The long, tangled roots of the Michael Brown shooting

Ferguson

This article gave me a deeper understanding of the race riots that ignited in the town of Ferguson, Missouri over the shooting of African-American teenager Michael Brown earlier this year. Of course the United States has made immense progress in social equality and justice since the days of slavery and the American Civil War (1861-1865). Perhaps the apotheosis of this long march towards equality was the election of Barack Obama as President in 2009.

Unfortunately, that euphoric moment rather obscures the fact that all is not well with race relations and racial equality in America. (Note: native speakers often say “all is not well” when what they mean is “not all is well”, probably because they feel the former sounds more beautiful. This is a fine illustration of how pure native-speaker language is not always based on logic and often not straightforward, a point that Singaporeans often fail to grasp.)

The article rigorously outlines the history of residential racial segregation in St. Louis County, Missouri of which Ferguson is a part. First the local government zoned blacks and whites into different areas. Later, when the judiciary ruled such a practice illegal, realtors took it upon themselves to try to keep the races apart by forbidding a white property owner from selling to a black person. When that too was ruled illegal, the county practised mortgage discrimination (discriminating against African-Americans when they applied for a housing loan) to steer them towards certain neighbourhoods.

What struck me was that this is the very opposite of what Singapore tries to do with its Ethnic Integration Policy which ensures that the different races are quite evenly distributed across different public housing estates.

When different races live apart from each other, a powerful ‘Us versus Them’ mentality can develop. This festered in Missouri with the persistent discriminatory treatment against blacks by the police and exploded into chaos with the shooting of Michael Brown.

The history of racial segregation in Missouri helps us to understand the difficulties in achieving racial harmony there today. It leaves a legacy of ‘white neighbourhoods’ and ‘black neighbourhoods’, and mistrust between the races. An important lesson we can draw for GP is that history is an important facet of context: to understand almost any situation fully, we need to know its history. Always consider the historical dimension when you explore the bigger picture of an issue. For instance, when you contemplate China’s growing assertiveness in the South and East China Seas, take into account their historical humiliation during what they call “The Century of Shame” – the period from the mid-19th to the mid-20th centuries when the country was weak and dominated by Japan and several European powers such as Britain and Portugal. China is a dragon with deeply wounded pride; it is rising again, and it wants to show the world its might in no uncertain terms.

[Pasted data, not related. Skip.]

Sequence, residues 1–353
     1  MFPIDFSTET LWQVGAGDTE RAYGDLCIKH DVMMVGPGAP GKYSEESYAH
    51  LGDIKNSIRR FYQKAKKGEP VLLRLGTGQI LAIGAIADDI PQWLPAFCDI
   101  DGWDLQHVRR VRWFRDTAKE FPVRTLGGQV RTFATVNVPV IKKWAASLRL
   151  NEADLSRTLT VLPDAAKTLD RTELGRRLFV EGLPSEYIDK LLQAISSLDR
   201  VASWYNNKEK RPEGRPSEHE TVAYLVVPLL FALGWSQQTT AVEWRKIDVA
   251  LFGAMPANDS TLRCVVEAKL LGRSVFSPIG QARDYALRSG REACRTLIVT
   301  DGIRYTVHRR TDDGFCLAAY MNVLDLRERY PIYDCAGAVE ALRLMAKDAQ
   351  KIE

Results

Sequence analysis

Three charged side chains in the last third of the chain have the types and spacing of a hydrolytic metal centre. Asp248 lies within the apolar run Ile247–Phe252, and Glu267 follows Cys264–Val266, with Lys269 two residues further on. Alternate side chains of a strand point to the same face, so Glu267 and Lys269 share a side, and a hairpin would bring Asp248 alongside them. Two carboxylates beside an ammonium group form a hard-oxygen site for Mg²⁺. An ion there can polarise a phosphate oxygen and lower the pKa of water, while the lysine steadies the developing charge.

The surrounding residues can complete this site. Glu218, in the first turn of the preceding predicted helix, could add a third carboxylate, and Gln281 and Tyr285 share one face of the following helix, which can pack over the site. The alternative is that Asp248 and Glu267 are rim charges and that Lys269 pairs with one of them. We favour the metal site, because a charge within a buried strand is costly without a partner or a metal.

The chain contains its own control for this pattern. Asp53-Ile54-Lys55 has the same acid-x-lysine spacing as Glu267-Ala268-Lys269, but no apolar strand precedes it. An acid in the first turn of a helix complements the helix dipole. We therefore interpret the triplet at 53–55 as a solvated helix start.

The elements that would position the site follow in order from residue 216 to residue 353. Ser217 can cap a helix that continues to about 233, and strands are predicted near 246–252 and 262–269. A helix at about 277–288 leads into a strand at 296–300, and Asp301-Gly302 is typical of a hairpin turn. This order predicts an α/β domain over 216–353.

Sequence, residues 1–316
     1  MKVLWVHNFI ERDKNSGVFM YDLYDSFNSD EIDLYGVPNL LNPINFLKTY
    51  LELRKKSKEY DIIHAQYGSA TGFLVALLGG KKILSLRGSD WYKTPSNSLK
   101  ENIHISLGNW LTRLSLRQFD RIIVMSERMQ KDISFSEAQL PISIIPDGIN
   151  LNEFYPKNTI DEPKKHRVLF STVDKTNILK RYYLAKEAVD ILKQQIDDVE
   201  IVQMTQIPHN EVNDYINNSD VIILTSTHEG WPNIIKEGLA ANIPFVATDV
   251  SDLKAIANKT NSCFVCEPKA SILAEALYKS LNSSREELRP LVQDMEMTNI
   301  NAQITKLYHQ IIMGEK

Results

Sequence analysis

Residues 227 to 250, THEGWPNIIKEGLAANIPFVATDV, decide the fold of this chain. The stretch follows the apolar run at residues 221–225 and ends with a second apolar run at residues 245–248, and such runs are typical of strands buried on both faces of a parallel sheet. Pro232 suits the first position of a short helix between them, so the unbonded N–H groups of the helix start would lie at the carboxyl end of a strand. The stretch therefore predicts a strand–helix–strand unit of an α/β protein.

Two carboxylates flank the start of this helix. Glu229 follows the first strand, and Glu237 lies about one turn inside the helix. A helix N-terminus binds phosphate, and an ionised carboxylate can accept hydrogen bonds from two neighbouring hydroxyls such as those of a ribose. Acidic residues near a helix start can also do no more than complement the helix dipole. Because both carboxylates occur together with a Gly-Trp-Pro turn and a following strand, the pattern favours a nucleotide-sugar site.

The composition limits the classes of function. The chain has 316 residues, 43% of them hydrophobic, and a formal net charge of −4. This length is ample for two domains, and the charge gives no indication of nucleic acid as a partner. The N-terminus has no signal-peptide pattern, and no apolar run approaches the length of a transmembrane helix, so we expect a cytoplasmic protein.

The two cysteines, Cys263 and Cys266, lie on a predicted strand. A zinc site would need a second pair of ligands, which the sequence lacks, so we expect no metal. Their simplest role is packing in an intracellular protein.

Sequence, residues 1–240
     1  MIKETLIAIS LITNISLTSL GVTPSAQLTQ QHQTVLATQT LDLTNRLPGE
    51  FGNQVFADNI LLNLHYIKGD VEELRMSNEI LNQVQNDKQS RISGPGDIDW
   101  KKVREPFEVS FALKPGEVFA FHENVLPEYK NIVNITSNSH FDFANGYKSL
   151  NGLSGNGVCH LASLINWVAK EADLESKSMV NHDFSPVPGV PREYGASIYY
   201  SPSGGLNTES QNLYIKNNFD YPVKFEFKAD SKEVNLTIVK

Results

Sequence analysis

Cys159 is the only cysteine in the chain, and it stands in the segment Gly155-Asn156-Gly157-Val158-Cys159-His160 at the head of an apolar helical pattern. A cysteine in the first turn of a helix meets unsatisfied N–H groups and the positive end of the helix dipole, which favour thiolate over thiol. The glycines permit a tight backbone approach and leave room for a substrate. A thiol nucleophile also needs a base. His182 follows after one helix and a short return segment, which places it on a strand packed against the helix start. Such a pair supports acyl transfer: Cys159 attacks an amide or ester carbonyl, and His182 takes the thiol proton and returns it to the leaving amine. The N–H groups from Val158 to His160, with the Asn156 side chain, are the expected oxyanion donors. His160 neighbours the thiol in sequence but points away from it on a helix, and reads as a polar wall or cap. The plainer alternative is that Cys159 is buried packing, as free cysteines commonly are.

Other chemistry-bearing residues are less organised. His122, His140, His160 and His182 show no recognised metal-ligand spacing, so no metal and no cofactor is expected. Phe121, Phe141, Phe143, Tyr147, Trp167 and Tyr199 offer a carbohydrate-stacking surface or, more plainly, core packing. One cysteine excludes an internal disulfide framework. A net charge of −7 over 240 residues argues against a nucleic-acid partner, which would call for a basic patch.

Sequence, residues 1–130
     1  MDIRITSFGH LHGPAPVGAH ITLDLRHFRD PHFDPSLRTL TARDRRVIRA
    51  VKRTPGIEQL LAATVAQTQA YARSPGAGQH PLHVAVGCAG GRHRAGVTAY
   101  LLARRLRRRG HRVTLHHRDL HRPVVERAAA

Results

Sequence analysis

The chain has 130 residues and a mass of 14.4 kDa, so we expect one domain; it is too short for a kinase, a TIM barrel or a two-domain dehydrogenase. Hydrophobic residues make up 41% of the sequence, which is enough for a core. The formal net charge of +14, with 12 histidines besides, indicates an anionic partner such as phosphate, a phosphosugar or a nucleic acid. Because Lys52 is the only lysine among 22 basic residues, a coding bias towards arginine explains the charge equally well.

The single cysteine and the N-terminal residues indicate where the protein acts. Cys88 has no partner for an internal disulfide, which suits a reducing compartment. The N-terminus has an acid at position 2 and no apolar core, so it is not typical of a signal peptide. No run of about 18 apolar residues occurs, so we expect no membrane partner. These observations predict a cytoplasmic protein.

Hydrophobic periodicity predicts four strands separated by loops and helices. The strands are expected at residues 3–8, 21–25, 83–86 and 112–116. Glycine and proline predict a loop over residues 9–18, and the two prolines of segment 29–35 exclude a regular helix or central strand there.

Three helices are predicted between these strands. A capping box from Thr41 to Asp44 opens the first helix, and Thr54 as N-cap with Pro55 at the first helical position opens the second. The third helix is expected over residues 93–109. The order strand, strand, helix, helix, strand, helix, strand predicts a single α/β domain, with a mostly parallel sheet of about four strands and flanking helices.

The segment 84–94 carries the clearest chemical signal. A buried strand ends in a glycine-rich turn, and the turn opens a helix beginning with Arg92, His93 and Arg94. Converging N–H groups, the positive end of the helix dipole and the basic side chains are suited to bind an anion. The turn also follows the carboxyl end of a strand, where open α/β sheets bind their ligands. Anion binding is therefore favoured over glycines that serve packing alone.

………

For enquiries on GP tuition by the blogger, a First Class Honours grad from NUS, please call/text 98392152 or click ‘About the Tutor/Testimonials’ above. All lessons on a one-to-one or two-to-one basis. Secondary English tuition and Personal Statement Editing services also available.

For GP model essays, click here.

Advertisements

About gptuitionsg

A dedicated English and GP tutor with First Class Honours from NUS, Steven Ooi retired from the profession after a 14-year career during which he was one of the most sought-after private tutors in Singapore. He is the recipient of the Minerva Prize from NUS, which is awarded to the top English Language honours student. This website, which has consistently ranked among the top 10 on Google and has received over 470,000 hits, has now been converted into a GP resource site cum listing of recommended tutors. If you are a GP or English tutor who wishes to be listed here, please email Steven Ooi at stevenooi18 @ yahoo.com (remove the spaces). Interested parties will be assessed and interviewed by Steven Ooi, and qualifications will be checked to uphold quality standards. DISCLAIMER: While every reasonable effort has been made to assess the competence and verify the qualifications of recommended tutors here, no guarantees are made and you engage them at your own risk. By using this website, you agree that you will not hold the webmaster Steven Ooi responsible for any consequences — direct or otherwise — that occur in relation with your use of this website.
This entry was posted in Recommended Articles and tagged , , , , . Bookmark the permalink.

Your comments are welcome

Fill in your details below or click an icon to log in:

WordPress.com Logo

You are commenting using your WordPress.com account. Log Out / Change )

Twitter picture

You are commenting using your Twitter account. Log Out / Change )

Facebook photo

You are commenting using your Facebook account. Log Out / Change )

Google+ photo

You are commenting using your Google+ account. Log Out / Change )

Connecting to %s